Tag Archives: carbs

Post-workout Carb Loading

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I’m running a half marathon tomorrow. In preparation, I’ve been doing a bit more reading on exercise nutrition and came across a good reminder for runners. This applies whether you are training for an event or just run regularly.

We all know you carb load in the days before a big event. But you should also have a mini carb loading session after any good endurance workout, especially if it is an hour or longer. Try to consume about half a gram of carbs per pound of body weight, and aim for a carb/protein ratio of 4:1.

So, a 150 pound person should eat about 75 grams of carbs and 18-20 grams of protein. That looks like 2 cups of chocolate milk, 1 slice of whole wheat toast, and a banana. Or a turkey sandwich with cheese, an apple, and a granola bar.

Timing is very important here. Your recovery meal, as this is sometimes called, should be consumed within an hour of your workout. Right after exercising, your body is primed to store glycogen in your muscles. By loading your muscles with glycogen, you can decrease post-workout soreness and improve endurance in workouts to come.

Getting a recovery meal or snack after even a shorter workout is important, but you don’t need to focus on consuming such a large quantity of carbs. Just getting some sort of carb snack in within an hour of working out should be sufficient.

Happy eating and exercising!

Have any nutrition questions? Need help with meal planning or a special dietary need? Send your questions to me at kimberlykmarsh(at)gmail(dot)com, and I will answer them in upcoming posts!

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Q&A: Exercise Nutrition

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Q: I have been trying to figure out what I should be eating pre and post workout, and there’s a ton of differing information to sift through out there. I do a good mix of cardio and strength training throughout the week. What’s your recommendation on foods to eat before and after a workout?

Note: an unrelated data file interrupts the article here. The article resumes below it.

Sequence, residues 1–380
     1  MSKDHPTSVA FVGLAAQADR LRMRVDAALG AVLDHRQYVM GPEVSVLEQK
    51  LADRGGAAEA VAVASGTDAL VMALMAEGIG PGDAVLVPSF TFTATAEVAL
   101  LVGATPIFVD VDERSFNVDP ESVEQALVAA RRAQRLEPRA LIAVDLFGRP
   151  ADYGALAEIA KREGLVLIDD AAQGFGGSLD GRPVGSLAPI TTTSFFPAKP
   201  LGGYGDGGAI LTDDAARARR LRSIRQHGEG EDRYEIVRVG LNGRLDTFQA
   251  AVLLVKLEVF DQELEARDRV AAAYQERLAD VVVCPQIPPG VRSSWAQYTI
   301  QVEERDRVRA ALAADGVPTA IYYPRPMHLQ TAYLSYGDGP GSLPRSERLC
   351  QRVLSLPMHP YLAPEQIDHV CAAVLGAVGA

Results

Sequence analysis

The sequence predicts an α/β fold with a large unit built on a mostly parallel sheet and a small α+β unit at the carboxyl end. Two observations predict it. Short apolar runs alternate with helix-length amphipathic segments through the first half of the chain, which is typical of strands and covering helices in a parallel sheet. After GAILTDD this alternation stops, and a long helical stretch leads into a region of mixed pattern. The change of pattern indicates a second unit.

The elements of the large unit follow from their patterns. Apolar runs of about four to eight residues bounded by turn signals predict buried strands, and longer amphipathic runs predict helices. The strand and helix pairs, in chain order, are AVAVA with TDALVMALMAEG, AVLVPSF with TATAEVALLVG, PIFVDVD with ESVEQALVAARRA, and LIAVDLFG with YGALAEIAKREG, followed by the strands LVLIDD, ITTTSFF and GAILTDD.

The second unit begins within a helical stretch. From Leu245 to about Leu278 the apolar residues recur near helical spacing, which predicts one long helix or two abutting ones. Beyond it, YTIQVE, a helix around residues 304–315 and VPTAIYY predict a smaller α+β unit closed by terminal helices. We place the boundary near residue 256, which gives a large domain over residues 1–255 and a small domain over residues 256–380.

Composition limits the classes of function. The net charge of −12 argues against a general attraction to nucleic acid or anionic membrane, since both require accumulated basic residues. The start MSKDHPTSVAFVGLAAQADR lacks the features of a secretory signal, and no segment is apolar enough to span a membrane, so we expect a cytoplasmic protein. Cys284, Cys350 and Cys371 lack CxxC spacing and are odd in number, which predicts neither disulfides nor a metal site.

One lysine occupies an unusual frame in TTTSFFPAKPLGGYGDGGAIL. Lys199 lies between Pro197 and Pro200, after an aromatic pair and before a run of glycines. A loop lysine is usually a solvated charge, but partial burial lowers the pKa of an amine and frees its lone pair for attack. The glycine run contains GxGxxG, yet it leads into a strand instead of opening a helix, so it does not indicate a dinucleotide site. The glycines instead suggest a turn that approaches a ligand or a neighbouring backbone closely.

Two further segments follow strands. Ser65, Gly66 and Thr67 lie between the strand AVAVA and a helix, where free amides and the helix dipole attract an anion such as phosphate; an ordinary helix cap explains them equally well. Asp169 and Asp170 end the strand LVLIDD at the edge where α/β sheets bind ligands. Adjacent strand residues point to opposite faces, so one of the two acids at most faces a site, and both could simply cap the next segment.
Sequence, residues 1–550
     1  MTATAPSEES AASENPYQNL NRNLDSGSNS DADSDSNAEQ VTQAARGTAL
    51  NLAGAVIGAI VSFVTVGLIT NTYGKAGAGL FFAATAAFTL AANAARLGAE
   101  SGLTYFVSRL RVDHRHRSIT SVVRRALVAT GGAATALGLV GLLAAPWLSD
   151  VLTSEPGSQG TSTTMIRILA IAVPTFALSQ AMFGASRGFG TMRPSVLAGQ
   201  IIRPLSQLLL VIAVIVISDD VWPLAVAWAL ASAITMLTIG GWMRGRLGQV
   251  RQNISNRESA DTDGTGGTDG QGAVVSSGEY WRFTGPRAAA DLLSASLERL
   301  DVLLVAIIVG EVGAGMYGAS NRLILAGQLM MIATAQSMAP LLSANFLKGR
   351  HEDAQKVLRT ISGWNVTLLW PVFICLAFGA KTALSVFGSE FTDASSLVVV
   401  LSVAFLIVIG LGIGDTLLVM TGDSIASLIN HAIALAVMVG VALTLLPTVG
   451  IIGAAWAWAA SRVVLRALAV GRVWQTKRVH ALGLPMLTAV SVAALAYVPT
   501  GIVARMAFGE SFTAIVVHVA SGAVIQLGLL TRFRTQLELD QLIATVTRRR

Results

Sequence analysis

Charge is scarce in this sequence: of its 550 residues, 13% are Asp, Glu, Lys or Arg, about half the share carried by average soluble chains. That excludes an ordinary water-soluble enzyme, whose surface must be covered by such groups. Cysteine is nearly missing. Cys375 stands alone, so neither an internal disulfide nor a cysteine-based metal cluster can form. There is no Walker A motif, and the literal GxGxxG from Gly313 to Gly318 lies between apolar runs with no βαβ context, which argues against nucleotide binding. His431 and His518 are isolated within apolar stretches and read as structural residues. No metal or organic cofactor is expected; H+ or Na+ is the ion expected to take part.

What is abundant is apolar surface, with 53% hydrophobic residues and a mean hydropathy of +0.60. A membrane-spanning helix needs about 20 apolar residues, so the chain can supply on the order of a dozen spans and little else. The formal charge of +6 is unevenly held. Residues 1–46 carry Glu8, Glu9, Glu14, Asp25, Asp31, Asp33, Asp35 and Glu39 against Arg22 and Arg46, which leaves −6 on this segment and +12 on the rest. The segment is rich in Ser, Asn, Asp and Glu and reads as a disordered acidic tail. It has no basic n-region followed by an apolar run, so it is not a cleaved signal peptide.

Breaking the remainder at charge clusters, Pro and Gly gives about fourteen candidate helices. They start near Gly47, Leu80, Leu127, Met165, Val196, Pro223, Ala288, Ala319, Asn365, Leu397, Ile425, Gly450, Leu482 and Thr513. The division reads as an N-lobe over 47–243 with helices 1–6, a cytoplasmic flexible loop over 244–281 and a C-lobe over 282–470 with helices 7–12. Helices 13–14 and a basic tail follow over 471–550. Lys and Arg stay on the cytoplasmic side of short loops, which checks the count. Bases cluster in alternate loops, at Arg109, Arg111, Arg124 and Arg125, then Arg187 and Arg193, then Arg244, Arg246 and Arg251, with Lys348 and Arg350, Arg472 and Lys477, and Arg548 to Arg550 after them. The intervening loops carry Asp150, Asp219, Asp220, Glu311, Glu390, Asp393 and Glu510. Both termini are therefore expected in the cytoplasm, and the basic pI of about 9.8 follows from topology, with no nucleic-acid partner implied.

A: Misinformation abounds when it comes to nutrition and exercise. Tons of powders and supplements exist as well as diets. What you truly need pre and post work out is actually fairly simple.

One overarching principle is to individualize your routine. Our bodies are all different, so you can’t necessarily follow the same practices as your friends. You know how long before your workout you need to eat. You know what foods upset your stomach. You know how much you sweat.

Here are some general guidelines you can adapt to your specific needs.

Pre-workout or event nutrition:

-Eat a small meal or snack that is high in carbs, moderate in protein, and low in fat. This mix of nutrients will be absorbed and digested faster, preventing an upset stomach and cramping.

-Avoid high fiber foods, which are digested more slowly and will sit in your stomach longer. These include raw fruits and vegetables with lots of seeds or tough skins, beans, and whole grains.

-Avoid any foods that give you gas, such as beans, broccoli, and onions.

-Drink plenty of fluids. You can start with two cups or more about two hours before, and then drink one to cups more within half an hour of exercising.

Post-workout or event nutrition:

-Drink plenty of fluids. Replacing losses should be your first priority. For every pound lost during exercise, drink three cups of water. Continue to drink fluids the rest of the day.

-Eat a carbohydrate rich meal or snack within a few hours. Aim for up to half a gram of carbohydrate per pound of body weight. Sooner is better for muscle recovery. When doing strength training, include some high-quality protein. A glass of chocolate milk, milk and cereal, or a turkey sandwich are some suggestions.

-If you are doing strenuous exercise for more than 90 minutes, eat a carbohydrate rich meal twice – within 30 minutes of finishing the exercise and about two hours later.

I hope that helps. Good luck in your exercising and thanks for the question!

Have any nutrition questions? Need help with meal planning or a special dietary need? Send your questions to me at kimberlykmarsh(at)gmail(dot)com, and I will answer them in upcoming posts!

Leave a comment

Filed under Nutrition, q&a